P. R. Kumar obtained his B.Tech. degree in Electrical Engineering (Electronics) from IIT Madras in 1973, and the M.S. and D.Sc. degrees in Systems Science and Mathematics from Washington University, St. Louis, in 1975 and 1977, respectively. From 1977-84 he was a faculty member in the Department of Mathematics at the University of Maryland Baltimore County. From 1985-2011 he was a faculty member in the Department of Electrical and Computer Engineering and the Coordinated Science Laboratory at the University of Illinois. Currently he is at Texas A&M University, where he is a University Distinguished Professor and holds the College of Engineering Chair in Computer Engineering.
Kumar has worked on problems in game theory, adaptive control, stochastic systems, simulated annealing, neural networks, machine learning, queueing networks, manufacturing systems, scheduling, wafer fabrication plants and information theory. His research is currently focused on energy systems, wireless networks, secure networking, automated transportation, and cyberphysical systems.
Kumar is a member of the National Academy of Engineering of the USA, and a Fellow of the World Academy of Sciences. He was awarded an honorary doctorate by the Swiss Federal Institute of Technology (Eidgenossische Technische Hochschule) in Zurich. He received the Outstanding Contribution Award of ACM SIGMOBILE, the IEEE Field Award for Control Systems, the Donald P. Eckman Award of the American Automatic Control Council, and the Fred W. Ellersick Prize of the IEEE Communications Society. He is an ACM Fellow and a Fellow of IEEE. He was awarded the Distinguished Alumnus Award from IIT Madras, the Alumni Achievement Award from Washington University in St. Louis, and the Daniel C. Drucker Eminent Faculty Award from the College of Engineering at the University of Illinois.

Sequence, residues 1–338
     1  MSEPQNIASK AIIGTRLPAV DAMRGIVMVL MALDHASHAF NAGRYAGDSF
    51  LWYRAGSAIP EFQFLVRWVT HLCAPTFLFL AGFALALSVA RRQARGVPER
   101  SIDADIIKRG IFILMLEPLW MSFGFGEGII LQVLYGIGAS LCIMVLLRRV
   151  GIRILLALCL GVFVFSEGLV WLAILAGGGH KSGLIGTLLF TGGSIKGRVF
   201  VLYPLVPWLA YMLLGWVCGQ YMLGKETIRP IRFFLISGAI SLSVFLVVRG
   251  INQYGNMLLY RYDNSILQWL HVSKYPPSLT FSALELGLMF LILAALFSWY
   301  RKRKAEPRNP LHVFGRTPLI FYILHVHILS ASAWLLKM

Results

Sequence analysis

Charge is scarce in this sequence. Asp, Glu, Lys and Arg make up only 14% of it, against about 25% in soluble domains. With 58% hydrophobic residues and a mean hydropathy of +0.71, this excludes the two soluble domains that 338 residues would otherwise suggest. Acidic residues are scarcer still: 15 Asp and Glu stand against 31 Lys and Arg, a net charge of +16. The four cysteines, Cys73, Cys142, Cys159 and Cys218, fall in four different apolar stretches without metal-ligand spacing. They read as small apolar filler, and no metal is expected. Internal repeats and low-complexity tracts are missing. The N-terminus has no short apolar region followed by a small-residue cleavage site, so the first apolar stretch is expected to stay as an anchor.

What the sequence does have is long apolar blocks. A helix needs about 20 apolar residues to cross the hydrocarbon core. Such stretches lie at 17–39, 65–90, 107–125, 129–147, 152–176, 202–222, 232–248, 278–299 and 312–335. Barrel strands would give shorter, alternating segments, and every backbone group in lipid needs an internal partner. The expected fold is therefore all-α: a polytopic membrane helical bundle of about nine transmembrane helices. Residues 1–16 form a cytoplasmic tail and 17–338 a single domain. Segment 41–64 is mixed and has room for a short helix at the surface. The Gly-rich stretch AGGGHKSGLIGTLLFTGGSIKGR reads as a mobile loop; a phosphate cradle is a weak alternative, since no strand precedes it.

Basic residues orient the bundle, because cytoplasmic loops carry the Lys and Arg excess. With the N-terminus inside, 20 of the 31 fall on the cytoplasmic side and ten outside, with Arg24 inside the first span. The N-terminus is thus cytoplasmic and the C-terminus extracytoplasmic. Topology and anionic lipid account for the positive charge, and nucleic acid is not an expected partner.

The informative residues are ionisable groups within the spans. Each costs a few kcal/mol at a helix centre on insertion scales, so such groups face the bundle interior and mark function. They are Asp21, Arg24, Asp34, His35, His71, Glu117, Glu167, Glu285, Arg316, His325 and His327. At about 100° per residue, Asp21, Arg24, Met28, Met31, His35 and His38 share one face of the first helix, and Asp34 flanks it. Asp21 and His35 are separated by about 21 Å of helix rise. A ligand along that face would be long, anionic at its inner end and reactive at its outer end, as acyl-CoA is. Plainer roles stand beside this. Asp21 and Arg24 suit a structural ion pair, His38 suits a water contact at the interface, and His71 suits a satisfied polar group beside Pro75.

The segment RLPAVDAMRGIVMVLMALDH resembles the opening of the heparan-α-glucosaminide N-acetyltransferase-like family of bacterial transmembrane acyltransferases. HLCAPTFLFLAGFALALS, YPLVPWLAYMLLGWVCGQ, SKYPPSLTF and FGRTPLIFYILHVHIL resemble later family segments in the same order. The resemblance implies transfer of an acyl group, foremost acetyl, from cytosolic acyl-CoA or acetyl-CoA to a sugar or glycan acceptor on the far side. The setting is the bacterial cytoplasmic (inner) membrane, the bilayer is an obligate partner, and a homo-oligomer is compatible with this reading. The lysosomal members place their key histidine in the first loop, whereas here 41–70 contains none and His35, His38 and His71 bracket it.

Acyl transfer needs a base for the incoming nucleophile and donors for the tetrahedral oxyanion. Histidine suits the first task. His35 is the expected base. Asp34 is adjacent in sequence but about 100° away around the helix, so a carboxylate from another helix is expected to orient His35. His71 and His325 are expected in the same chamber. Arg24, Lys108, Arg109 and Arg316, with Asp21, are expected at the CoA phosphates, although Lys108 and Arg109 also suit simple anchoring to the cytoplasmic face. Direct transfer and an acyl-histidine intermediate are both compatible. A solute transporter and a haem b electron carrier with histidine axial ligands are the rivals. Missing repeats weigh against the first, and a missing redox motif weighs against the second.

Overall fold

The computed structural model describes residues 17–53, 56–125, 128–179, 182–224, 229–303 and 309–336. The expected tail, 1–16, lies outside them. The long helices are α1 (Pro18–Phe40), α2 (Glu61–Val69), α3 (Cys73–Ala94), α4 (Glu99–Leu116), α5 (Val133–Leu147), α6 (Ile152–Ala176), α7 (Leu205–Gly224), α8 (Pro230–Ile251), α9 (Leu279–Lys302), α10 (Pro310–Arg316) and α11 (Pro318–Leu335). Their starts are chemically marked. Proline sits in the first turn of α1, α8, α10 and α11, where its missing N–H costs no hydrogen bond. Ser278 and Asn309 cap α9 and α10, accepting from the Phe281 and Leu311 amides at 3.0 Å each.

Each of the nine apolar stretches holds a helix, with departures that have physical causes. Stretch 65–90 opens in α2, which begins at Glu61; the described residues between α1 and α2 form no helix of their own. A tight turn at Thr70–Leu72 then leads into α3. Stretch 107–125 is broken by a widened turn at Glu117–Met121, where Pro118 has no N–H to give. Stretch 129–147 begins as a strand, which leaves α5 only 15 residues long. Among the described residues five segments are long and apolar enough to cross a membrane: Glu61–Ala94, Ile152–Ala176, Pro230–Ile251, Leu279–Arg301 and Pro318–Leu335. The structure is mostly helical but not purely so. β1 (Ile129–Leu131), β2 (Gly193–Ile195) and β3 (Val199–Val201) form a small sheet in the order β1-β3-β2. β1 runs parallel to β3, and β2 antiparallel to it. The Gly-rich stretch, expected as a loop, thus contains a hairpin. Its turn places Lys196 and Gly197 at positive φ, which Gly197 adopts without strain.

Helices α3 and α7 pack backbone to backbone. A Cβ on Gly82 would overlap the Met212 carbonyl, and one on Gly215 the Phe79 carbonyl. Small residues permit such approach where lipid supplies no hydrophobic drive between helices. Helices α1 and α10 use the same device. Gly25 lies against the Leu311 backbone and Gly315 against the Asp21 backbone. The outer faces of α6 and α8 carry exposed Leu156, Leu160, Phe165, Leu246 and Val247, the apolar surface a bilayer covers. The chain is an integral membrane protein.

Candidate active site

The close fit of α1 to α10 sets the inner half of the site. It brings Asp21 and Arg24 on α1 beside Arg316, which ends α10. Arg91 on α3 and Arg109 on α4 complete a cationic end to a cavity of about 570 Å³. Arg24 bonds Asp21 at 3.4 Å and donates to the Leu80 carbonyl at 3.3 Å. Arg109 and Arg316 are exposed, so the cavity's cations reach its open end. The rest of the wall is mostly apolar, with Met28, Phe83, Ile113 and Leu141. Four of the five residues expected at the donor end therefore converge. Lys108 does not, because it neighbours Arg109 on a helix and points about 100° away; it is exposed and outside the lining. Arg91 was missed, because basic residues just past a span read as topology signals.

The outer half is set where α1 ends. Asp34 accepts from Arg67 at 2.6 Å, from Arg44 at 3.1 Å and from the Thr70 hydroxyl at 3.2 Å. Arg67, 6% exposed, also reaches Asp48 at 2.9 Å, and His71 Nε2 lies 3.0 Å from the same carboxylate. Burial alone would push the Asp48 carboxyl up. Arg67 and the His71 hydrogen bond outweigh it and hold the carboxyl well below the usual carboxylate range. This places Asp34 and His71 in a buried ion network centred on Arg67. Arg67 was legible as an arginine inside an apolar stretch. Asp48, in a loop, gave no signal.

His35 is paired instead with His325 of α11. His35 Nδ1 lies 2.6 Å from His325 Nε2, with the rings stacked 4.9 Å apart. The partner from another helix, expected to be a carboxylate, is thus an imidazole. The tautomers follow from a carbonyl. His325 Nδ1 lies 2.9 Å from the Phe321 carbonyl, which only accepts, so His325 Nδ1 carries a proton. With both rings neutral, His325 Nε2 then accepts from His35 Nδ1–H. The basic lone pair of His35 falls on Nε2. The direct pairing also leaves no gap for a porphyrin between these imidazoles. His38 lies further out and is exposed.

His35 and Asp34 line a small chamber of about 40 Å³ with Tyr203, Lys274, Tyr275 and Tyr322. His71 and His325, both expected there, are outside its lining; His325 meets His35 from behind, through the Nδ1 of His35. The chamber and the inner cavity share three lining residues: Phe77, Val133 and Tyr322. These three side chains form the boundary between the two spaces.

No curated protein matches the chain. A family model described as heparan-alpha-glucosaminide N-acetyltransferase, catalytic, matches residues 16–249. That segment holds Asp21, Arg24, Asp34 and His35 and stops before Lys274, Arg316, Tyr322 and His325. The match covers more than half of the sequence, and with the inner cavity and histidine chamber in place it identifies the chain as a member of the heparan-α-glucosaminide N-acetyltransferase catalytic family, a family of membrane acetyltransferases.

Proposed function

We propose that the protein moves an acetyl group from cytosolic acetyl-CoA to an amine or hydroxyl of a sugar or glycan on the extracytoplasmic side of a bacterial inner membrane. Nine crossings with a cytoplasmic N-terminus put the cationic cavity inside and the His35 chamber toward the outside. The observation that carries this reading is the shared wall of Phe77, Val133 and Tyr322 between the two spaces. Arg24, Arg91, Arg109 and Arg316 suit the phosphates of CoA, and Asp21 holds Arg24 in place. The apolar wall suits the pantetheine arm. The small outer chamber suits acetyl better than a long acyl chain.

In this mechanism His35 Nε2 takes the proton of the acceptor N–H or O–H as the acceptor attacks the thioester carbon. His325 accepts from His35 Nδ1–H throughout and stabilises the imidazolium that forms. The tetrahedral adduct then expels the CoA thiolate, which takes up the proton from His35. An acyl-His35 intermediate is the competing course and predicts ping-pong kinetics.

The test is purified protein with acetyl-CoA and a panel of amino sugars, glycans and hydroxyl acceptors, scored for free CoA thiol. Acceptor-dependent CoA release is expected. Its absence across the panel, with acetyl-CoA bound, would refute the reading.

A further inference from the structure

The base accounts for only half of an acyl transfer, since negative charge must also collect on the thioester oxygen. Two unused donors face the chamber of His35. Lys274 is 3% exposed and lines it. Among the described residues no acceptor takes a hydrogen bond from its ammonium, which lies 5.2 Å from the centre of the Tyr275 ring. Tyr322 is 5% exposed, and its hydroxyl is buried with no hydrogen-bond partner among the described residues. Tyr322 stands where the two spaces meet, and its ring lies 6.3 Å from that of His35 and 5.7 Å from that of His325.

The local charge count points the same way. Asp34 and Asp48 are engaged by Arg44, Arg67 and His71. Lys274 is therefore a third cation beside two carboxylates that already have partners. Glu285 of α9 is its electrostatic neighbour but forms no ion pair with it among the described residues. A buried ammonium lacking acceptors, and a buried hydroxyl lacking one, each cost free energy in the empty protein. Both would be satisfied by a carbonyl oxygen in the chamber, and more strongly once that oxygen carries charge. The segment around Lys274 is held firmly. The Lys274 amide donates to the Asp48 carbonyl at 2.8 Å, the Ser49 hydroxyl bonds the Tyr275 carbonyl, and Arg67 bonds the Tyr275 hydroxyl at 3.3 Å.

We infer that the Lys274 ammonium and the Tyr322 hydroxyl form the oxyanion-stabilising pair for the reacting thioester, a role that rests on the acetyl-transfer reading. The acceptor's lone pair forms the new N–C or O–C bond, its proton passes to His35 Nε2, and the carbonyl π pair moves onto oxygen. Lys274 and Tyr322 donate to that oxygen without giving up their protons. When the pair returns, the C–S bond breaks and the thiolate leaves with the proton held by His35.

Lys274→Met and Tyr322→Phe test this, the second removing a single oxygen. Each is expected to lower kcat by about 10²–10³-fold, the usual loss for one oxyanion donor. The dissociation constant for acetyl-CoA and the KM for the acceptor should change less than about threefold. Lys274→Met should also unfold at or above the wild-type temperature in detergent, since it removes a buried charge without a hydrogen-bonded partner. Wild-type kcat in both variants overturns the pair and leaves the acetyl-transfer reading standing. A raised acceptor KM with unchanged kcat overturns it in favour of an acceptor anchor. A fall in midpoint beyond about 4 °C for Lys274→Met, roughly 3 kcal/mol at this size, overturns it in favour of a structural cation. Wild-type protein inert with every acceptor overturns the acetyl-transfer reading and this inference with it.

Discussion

Narendra Karmarkar received his B.Tech. in Electrical Engineering from the Indian Institute of Technology Bombay in 1978, the M.Sc. from the California Institute of Technology and a PhD in Computer Science from the University of California, Berkeley in 1983.
He invented a polynominal algorithm for linear programming, known as “Karmarkar’s algorithm”. Narendra Karmarkar was a professor at the Tata Institute of Fundamental Research, Mumbai. He received several prizes and awards, among them the Paris Kanellakis Award (2000) for “his theoretical work in devising an Interior Point method for linear programming that provably runs in polynomial time, and for his implementation work suggesting that Interior Point methods could be effective for linear programming in practice as well as theory” and the Srinivasa Ramanujan Birth Centenary Award (1999), presented by the Prime Minister of India.
Vijay Chandru received his B.E. in Electrical Engineering at the Birla Institute of Technology and Science, Pilani in 1975, his M.Sc. in Engineering Systems at the University of California, Los Angeles in 1977 and a PhD in Operations Research at the Massachusetts Institute of Technology in 1982.
He has more than three decades of experience of connecting academia and industry, with teaching positions in various prestigious universities. Vijay Chandru is co-founder of Strand Life Sciences, a pioneer in computational biology and clinical genomics in India. Currently, he serves as its chairman and Managing Director.
Vijay Chandru was elected a Technology Pioneer of the World Economic Forum in 2006 and serves on the Forum’s global agenda council on the future of the health sector.